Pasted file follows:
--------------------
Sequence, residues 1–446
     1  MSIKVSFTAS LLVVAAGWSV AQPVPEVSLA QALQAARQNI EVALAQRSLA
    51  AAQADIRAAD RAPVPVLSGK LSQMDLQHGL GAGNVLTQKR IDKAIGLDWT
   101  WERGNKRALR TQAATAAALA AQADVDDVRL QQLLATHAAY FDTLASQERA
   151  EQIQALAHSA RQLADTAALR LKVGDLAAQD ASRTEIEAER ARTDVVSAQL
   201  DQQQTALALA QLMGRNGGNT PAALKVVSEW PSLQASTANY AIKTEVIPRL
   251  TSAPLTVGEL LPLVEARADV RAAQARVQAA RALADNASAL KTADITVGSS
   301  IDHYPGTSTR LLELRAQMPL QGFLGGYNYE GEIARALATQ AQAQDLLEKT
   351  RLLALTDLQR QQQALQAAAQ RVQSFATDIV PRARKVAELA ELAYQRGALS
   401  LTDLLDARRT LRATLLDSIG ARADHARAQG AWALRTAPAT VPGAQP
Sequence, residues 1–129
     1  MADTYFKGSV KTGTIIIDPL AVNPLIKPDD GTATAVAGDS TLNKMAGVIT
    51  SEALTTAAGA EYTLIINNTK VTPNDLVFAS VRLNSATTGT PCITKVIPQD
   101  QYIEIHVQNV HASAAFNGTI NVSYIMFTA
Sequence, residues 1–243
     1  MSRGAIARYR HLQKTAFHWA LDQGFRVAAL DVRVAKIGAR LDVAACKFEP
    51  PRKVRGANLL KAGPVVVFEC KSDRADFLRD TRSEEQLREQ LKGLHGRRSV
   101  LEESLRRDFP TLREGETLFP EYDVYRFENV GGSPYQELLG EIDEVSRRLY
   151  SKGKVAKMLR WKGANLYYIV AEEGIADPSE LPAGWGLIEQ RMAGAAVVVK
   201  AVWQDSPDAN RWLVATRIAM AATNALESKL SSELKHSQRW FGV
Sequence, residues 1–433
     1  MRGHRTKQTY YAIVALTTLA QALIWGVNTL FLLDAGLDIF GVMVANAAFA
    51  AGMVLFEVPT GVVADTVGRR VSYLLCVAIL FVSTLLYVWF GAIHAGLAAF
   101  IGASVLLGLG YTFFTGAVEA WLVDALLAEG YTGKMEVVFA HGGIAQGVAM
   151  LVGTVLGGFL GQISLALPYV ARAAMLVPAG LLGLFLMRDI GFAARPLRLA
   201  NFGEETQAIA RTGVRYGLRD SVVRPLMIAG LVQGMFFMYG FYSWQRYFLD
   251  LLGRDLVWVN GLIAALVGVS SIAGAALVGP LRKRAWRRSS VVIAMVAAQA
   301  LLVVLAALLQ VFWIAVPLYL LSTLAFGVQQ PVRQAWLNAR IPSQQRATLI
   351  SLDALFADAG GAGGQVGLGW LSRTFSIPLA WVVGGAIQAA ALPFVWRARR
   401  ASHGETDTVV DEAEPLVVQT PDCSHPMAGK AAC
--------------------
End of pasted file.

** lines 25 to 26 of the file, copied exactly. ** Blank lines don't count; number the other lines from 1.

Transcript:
   151  LVGTVLGGFL GQISLALPYV ARAAMLVPAG LLGLFLMRDI GFAARPLRLA
   201  NFGEETQAIA RTGVRYGLRD SVVRPLMIAG LVQGMFFMYG FYSWQRYFLD